Kashmir human shield row: Farooq Dar says Leetul Gogoi is falsely calling him a 'ringleader' of stone-pelters
A day after Major Leetul Gogoi shared his side of the story on the controversy over allegedly tying a Kashmiri youth to a army jeep to deter stone-pelters, Farooq Dar, on Wednesday, claimed that Gogoi had lied about him being a ring leader of a stone-pelting gang.
A day after Major Leetul Gogoi shared his side of the story on the controversy over allegedly tying a Kashmiri youth to an army jeep to deter stone-pelters, Farooq Dar (the man who was tied), on Wednesday, claimed that Gogoi had lied about him being a ringleader of a stone-pelting gang, reported Hindustan Times.
“The army major is lying to save himself,” Hindustan Times quoted Dar, who also added that had he been the ringleader of stone-pelting mobs, he would not have cast his vote. The 27-year-old said that the army is there to save people and “not to use common people to shield themselves.”
Dar also reiterated his resolve to never vote again. “I won’t vote again after what they did to me. I will boycott voting,” the report quoted Dar as saying.
Gogoi's version of what happened on 9 April
While interacting with the media on Tuesday, Gogoi had defended his action on 9 April while adding that Dar was tied to the jeep as he could have been the ringleader of many stone-pelters.
The army officer finally broke his silence over the incident when fresh controversy erupted after Gogoi was honoured on Monday with the Army Chief’s commendation card for “his sustained efforts in counter-insurgency operations”.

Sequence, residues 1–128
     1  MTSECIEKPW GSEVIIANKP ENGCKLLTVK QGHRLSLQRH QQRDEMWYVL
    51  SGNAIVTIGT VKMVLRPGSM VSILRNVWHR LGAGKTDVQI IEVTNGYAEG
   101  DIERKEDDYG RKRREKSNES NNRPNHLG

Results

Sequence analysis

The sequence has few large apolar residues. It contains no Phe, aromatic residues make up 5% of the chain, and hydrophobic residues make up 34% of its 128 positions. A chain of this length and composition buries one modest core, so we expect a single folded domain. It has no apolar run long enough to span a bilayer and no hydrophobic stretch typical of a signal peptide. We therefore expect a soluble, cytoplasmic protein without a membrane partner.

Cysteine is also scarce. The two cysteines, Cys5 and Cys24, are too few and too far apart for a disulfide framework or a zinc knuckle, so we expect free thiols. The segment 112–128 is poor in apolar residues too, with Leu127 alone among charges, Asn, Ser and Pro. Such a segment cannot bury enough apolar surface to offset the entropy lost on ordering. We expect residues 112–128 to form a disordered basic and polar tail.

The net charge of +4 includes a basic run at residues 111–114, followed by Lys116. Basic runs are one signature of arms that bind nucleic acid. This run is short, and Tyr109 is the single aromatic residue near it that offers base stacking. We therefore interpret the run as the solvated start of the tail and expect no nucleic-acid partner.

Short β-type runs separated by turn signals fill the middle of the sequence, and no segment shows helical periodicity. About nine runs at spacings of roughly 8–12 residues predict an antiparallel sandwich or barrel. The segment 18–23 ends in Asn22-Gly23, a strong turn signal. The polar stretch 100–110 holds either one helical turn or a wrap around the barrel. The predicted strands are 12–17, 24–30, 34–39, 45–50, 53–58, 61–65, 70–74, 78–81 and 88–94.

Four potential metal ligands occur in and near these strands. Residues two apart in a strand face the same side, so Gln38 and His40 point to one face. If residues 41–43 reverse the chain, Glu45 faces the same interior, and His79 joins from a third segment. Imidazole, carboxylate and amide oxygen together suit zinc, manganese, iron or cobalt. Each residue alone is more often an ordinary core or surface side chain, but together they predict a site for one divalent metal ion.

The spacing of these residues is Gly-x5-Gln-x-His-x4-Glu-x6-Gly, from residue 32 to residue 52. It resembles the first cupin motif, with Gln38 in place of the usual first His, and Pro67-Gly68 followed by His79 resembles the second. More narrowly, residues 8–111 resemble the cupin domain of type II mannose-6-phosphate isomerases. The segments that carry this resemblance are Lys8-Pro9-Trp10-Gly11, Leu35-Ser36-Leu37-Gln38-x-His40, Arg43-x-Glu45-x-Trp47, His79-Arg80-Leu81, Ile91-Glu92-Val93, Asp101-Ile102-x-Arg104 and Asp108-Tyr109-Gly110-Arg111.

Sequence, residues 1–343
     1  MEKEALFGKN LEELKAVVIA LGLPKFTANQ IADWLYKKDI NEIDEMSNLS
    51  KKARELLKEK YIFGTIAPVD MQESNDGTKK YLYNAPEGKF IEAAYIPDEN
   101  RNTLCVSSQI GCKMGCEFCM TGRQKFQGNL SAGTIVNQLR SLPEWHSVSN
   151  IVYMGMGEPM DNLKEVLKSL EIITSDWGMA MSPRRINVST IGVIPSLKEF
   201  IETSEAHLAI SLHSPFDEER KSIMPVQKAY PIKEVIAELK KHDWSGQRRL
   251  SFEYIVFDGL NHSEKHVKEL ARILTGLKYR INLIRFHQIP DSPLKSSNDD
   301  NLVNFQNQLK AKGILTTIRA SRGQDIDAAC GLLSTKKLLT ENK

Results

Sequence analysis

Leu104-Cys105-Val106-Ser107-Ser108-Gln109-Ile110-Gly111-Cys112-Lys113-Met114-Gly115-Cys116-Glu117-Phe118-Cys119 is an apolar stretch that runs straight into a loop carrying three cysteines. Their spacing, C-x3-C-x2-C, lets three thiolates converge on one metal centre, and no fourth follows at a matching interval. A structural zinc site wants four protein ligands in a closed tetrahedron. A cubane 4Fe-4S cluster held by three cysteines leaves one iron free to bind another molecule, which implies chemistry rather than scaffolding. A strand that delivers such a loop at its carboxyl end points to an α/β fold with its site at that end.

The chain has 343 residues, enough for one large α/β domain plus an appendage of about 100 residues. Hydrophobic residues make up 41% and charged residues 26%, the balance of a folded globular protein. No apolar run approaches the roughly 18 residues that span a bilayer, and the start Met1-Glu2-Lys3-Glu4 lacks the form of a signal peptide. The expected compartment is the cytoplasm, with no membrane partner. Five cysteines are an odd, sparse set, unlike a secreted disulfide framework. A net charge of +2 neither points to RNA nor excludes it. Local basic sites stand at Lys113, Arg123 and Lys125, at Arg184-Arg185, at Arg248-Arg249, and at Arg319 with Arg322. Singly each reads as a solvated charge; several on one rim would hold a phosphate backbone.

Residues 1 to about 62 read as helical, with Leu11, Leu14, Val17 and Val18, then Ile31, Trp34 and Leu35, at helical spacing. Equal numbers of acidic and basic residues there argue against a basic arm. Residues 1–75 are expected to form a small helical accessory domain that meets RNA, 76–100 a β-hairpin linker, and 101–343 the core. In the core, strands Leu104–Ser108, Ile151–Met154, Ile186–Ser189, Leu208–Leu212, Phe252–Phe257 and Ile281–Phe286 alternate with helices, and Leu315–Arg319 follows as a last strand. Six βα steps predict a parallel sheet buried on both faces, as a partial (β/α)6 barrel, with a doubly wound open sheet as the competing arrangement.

Narrating the circumstances leading to the controversial decision, Gogoi said that about 1,200 stone-pelters had surrounded a small group of security personnel at a polling booth in Utligam village of Budgam district on 9 April and if he had ordered firing, there could have been at-least 12 casualties.
The mob, which included women and children, was threatening to set ablaze the polling booth, he had said.
Gogoi said that he (and five other army personnel) had gone to that polling booth after a "distress call" about a small group of ITBP personnel and few members of the polling staff being surrounded by a big crowd of about 1200 stone-pelters.
He said that when he reached Bandipora, the crowd had started pelting stones. He said that despite repeated requests on his megaphone, the crowd, comprising several women and children refused to budge. As the stone-pelting increased, Gogoi ordered his men to take hold of Dar, the man who seemed to be instigating the attacks.
"This thing I have done only to save the local people (sic). Had I fired, there would have been more than 12 casualties... With this idea, I have saved many peoples' lives," Gogoi told reporters at the Beerwah camp in Budgam district.
Dar was a ring leader, claims Gogoi
Talking about Dar, Gogoi had said, "He tried to flee on a bike but somehow, despite intense stone-pelting and getting hurt, we caught hold of him."
He said after catching Dar, the army personnel moved towards the polling station with the help of mine-protected vehicle.
"Once we got inside, I rescued four civil polling staff, seven ITBP personnel and one Jammu and Kashmir Police constable," he had said.
Later as the army men started moving in their car, they realised that there was heavy stone-pelting from all sides and that is when the army Major decided to use him as a human shield to protect the local people.